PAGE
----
Nobody could tell you what "sort" of voice you have yet because you haven't figured out what sort of voice you have because you don't have the slightest clue what you're doing as a singer.

The other thing is that the range of what's acceptable in popular music changes. In the mid-80s, if you wanted to be a rock star, you had to be a screecher. It was all about the massive vocal jumps, the ability to hit the high notes.

And then Eddie Vedder happened. And all of a sudden the low growl was what mattered, and you had a whole bunch of singers who, a decade earlier, nobody would have thought of as rock singers. (Creed, Stone Temple Pilots, etc).

So even if "the way you sound" (once you know what that is, which you don't yet) is out of step with whatever is popular in the genre you want to perform in, don't worry about it. Blaze your own path. Because what's popular may change, and, heck, if you're good enough, you might be the one who changes it.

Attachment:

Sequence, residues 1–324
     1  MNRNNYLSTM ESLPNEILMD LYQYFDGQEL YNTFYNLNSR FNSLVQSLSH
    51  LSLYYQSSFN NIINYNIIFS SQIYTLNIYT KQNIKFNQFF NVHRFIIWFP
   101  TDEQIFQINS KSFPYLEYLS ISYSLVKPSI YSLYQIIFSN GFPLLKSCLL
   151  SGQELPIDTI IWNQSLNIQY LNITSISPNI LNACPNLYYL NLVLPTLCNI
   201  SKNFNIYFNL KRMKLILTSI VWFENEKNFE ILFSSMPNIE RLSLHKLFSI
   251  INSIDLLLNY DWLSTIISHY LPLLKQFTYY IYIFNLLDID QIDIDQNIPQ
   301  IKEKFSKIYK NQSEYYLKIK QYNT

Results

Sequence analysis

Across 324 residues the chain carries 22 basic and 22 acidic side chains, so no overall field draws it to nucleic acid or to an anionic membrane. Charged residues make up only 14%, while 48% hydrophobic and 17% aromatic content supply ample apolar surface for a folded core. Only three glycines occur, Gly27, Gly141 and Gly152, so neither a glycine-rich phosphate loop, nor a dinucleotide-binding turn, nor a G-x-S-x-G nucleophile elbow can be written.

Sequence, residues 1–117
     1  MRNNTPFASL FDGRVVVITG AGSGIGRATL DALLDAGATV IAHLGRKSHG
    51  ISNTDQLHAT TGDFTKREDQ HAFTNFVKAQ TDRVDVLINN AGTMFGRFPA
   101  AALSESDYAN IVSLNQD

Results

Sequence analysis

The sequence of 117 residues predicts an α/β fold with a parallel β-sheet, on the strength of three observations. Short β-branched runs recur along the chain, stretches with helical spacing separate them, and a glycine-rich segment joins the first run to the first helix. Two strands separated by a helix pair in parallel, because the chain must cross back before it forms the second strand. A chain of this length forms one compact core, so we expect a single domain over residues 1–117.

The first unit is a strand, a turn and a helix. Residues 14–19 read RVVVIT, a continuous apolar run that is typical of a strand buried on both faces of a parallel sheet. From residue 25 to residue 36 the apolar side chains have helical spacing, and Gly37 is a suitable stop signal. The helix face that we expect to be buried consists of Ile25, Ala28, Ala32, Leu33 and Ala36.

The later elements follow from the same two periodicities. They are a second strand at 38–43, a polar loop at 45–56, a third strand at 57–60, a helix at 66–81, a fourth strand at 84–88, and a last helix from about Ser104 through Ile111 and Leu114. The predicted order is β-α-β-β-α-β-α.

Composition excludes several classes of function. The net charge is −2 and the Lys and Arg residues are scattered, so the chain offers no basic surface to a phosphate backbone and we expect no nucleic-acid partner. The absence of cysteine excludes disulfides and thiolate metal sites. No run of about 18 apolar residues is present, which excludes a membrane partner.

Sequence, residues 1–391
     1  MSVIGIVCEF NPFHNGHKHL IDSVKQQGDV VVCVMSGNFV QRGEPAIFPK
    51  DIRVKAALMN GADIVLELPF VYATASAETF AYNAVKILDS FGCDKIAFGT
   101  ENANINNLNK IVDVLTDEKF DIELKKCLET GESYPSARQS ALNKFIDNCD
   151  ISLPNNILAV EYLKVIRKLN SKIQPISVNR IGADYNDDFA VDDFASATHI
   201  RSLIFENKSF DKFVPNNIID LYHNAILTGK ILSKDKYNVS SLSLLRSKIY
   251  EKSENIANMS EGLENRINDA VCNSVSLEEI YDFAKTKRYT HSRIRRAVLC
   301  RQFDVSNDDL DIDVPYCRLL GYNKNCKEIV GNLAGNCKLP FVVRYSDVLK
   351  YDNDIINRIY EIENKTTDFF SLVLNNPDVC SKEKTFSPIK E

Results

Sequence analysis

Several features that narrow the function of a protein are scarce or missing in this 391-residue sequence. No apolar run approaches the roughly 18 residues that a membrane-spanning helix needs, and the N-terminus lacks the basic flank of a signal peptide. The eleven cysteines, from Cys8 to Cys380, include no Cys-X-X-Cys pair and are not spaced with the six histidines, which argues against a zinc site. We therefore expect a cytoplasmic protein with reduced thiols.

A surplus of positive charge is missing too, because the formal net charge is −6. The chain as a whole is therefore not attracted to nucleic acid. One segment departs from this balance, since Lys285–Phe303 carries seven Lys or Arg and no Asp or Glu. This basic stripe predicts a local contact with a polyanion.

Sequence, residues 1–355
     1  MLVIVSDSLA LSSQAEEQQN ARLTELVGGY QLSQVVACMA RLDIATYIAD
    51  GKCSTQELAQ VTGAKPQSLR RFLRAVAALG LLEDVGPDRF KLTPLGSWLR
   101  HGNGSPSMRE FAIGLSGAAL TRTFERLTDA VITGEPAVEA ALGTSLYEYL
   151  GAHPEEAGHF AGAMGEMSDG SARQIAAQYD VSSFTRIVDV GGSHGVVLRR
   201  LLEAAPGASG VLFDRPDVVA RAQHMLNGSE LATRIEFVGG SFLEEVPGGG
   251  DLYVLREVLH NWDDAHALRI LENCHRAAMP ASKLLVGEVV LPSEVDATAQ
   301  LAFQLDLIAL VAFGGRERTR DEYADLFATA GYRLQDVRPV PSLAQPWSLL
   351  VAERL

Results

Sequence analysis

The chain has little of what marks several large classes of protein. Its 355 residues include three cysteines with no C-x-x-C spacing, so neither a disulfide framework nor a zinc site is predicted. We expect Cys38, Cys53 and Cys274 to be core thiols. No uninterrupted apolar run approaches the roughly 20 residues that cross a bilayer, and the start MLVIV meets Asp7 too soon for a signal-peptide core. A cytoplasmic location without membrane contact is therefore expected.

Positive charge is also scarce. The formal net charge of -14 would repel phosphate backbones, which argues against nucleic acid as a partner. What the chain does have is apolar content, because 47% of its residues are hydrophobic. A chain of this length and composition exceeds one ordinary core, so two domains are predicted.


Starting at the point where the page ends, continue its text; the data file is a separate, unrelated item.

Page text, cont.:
Last edited by HotspurJr : 10-09-2012 at 02:00 PM.
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Old 10-09-2012, 07:29 PM   #19
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Originally Posted by axemanchris
No need for me to look it up. I spent ten years studying operatic vocal technique with a man who was a performer with the Metropolitan Opera.

In all genres, there are those with excellent technique and those with poor technique. Dropping the larynx is generally considered bad technique. More appropriate technique is to lift the throat.

You don't "make it" in opera unless you *sound* like an opera singer. This is why people in metal bands don't play Rickenbacher guitars. Or dobros. If you don't *sound* like a metal player, then you have a hard time in that genre. If you don't *sound* like an opera singer, you won't make it in that genre.